With every new generation that enters the workforce, there have always been criticisms that youngsters are lazy and entitled, which is completely untrue. Why wouldn’t you hold your employer accountable and ask for a change? We spend so much time at work, it’s important that your values align and you feel that your company is a positive global citizen. I firmly believe that while we continue to face challenges, we are making progress, but this can be slow. As we move into the next phase of LLMs and generative AI, there is potential for even greater progress across the HR function to support and align. Obviously, there are ethical concerns and potentially scary consequences with AI if not applied responsibly, but these technologies open up a broad range of positive opportunities, including re-humanising work and focusing on creating the skills, meaning, culture and creative behaviours that remove any bias and democratise skills building. Career progression is a great example of the potential for AI in HR. Traditionally, this has relied heavily on whether you have a supportive manager or is about being in “the right place at the right time”, but technology allows us to level the playing field in so many new and different ways. Here at Spotify, we have created an internal talent marketplace – mirroring our music platform – where creators are on one side and listeners on the other. Similarly, we have employees on one side of the marketplace and career opportunities on the other, ranging from mentorship to new job roles. By using AI, we are able to adopt a more systematic and unbiased approach to matching people with these opportunities, rather than relying on where you happen to sit in the office, who your manager is or how much exposure you’ve had to senior leadership, which are the factors that have often dictated career progression in the past. I am not suggesting that we remove the human element entirely, this will continue to play an integral part in career development and progression – but the technology simply ensures that we are consistently scouting the right talent, succession planning and offering equal opportunities for all. There are plenty of managers who naturally factor these things in – we like to call it the gardener philosophy – and they acknowledge that they are managing Spotify talent rather than their own “plants in the company garden”. In turn, they recognise their role in enriching the soil, making sure the sun is shining and offering enough water to the plants, before giving them away in full bloom for the good of the garden. The marketplace is intended to work in harmony with people management, ensuring that everyone can access the right opportunities, whether they are managed by a gardener or not. AI can also help us remove bias from talent acquisition, so long as we do not train it with the old data, in which case it will just pick the same type of band members or leaders that we have picked in the past. It is important to refresh the data, to ensure that we do not over-index on certain demographics.
In many ways, Spotify was inspired by a downward spiral in the music industry. Twenty years ago, piracy was commonplace around the world and particularly prevalent in Sweden, due to fantastic computer maturity. It has always been a highly technical country and while this infrastructure was the foundation of many successful start-ups and tech companies, it also led to high instances of illegal downloading of music. The founders of Spotify, Daniel Ek and Martin Lorentzon, recognised that most people would like to pay for music if it was just easy enough and, in streaming, they found a solution which was both easy for the consumer and made money for the creator. It was a gamble at the time, because consumer behaviour had three facets back then: you either bought a CD, downloaded or you ‘borrowed’ the music from a friend or the creators. With Spotify’s dual business model, Daniel and Martin had struck a balance and customers were given a choice as to whether they subscribed to the platform or listened with ads between the songs. Crucially, creators were paid for their art, either way. The concept of streaming was new and it took investors time to understand – and although consumers quickly realised that not paying for Spotify meant listening through commercials, artists and producers took time to understand the two business models. We presented Loud and Clear a couple of years ago – a platform where we inform users about how the streaming economy works and how much revenue Spotify generates for artists and creators. This is the foundation of our ethos today and ensures that more and more creators can live off their art. All-time payouts to music rights holders are now approaching $40 billion, underlining how integral we now are to the music world.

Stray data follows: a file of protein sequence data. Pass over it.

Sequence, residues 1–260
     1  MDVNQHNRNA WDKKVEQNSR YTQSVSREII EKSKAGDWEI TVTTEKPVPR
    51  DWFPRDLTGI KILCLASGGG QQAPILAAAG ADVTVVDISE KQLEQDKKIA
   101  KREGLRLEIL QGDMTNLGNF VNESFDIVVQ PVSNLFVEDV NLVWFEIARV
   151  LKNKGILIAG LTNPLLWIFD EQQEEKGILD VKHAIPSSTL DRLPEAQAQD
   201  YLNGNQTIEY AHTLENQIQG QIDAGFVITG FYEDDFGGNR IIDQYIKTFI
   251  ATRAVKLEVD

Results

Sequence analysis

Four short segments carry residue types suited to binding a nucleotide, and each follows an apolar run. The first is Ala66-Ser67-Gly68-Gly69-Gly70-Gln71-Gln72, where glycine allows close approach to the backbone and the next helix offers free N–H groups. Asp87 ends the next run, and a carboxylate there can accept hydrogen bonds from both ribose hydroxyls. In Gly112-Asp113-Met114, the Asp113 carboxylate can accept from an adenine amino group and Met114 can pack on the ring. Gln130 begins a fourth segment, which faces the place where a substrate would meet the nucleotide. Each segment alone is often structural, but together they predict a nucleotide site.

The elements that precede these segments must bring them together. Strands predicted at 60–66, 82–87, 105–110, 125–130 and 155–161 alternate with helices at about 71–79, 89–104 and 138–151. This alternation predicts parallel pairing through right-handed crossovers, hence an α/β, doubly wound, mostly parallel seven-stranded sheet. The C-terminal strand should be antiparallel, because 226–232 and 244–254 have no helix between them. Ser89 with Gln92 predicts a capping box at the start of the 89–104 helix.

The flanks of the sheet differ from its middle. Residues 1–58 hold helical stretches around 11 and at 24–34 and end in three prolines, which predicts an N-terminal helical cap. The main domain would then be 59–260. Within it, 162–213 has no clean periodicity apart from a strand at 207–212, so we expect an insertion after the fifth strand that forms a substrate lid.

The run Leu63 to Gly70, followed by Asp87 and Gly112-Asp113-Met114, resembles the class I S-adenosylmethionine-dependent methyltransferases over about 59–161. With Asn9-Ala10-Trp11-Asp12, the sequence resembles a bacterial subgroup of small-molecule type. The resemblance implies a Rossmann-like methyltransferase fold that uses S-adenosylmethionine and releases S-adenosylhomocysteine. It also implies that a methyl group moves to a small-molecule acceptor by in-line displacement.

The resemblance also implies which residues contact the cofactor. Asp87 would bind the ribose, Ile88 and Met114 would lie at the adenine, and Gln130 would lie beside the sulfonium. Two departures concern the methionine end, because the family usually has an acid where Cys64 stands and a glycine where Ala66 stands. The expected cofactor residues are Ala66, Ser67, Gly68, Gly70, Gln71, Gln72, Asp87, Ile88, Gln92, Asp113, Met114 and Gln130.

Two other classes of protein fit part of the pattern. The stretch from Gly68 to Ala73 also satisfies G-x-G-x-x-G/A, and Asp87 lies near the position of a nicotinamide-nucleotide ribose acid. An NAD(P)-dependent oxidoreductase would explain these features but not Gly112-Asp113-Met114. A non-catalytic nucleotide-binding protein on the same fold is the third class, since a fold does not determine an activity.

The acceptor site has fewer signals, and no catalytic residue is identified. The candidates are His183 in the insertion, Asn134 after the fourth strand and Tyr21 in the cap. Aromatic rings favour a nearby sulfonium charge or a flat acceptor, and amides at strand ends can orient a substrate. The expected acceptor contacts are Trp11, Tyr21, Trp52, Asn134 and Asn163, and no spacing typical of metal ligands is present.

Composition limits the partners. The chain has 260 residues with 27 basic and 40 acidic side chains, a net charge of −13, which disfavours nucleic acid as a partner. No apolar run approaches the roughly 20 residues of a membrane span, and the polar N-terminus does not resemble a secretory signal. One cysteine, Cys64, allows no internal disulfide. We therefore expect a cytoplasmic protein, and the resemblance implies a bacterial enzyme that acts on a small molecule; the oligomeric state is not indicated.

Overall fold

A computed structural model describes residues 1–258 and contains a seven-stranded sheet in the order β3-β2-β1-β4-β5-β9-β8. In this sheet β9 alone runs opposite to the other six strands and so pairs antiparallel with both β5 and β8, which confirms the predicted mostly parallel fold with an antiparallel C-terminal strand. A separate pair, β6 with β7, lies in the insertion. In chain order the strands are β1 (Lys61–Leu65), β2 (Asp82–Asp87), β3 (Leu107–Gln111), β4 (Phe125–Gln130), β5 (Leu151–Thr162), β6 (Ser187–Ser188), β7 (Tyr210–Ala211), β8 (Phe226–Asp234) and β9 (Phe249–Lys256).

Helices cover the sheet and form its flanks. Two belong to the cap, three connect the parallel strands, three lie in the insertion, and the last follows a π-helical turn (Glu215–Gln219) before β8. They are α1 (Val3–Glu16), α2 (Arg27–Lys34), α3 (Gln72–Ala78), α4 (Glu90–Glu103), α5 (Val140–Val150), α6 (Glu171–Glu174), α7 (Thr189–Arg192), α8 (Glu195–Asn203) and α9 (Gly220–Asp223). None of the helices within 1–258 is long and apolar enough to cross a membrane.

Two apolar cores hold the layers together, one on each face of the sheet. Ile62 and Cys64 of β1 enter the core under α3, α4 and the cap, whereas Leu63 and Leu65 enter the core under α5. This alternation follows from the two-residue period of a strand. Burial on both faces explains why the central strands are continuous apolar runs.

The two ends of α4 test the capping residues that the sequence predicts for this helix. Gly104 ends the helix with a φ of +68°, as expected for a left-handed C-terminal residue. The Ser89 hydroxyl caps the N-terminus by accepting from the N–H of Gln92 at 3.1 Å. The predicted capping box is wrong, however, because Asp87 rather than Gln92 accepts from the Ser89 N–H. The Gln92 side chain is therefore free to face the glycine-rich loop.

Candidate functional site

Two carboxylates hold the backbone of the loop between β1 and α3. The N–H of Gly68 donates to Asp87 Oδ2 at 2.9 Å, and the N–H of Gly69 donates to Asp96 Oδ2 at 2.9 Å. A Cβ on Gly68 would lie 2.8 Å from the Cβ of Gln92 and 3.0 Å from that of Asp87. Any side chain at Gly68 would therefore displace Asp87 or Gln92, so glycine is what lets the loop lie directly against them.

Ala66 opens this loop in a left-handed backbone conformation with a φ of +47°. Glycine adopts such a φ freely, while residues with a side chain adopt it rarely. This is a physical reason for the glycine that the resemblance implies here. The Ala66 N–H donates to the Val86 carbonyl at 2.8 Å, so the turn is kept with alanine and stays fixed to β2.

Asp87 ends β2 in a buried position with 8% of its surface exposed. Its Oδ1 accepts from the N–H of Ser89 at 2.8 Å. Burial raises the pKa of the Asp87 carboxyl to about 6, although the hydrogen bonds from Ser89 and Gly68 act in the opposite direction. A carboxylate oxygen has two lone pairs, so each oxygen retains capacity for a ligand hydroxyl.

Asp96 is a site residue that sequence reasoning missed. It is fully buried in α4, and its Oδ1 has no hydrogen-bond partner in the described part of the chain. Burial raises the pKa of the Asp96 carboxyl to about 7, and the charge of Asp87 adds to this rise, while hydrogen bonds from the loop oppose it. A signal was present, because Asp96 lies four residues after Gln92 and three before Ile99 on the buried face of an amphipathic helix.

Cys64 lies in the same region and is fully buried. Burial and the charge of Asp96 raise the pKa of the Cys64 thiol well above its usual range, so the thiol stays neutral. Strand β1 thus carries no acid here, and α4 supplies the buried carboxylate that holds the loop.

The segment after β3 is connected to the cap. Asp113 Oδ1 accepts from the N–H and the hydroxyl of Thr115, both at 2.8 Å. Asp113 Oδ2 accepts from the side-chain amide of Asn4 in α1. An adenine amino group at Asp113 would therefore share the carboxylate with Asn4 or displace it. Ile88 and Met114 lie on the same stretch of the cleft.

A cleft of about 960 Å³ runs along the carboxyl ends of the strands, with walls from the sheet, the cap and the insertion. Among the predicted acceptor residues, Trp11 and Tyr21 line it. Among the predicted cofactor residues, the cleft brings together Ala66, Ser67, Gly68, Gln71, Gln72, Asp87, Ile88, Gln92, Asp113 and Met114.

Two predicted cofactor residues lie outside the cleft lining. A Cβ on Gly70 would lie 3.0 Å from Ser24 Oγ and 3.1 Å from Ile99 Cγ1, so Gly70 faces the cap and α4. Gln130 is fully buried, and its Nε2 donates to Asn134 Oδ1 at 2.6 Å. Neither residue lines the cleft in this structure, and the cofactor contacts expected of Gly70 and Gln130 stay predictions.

One of the things we’ve implemented successfully from an HR perspective aligns closely with the broader business strategy. We’ve changed the organisational design and operating model, from a music audio streaming company to an audio-at-large platform – shifting the load from the left leg to the right. The key to this success is being 100 percent clear and transparent to everybody, inside and outside the business, about why we shift. In the past, when we moved from a more functional structure into business units, then into a matrix model and now verticals, it has always been a very quick step from decision to operation. It is normal for a company of 9,000 plus, to consult with a wide range of people, but to actually move to operation in two weeks is something I believe is unique to Spotify. We do it quickly for efficiency of course, but also to increase throughput on what we do. From internal conversations to earnings with the CEO and CFO, we have always been open and transparent about changes compared to most companies. For a long time, we have been a one-child family and music continues to be at the core of what we do. But a few years ago, our second child came along and as the new-born, podcasts needed to be a major focus for us. Now with child number three, audiobooks, we will need to trim our sails again. As the business matures, our focus increasingly shifts to enhancing the product and ensuring that we show up in the best way for existing markets, rather than the rapid global expansion that we’ve seen in previous years. With these changes, there will inevitably be changes to our culture. If you truly believe that your people are your culture and the culture is your people, this means there will be deliberate changes to create a relevant culture, and the ideas, customs and social behaviours – and ultimately how we run the company – will be a continuous and ongoing project.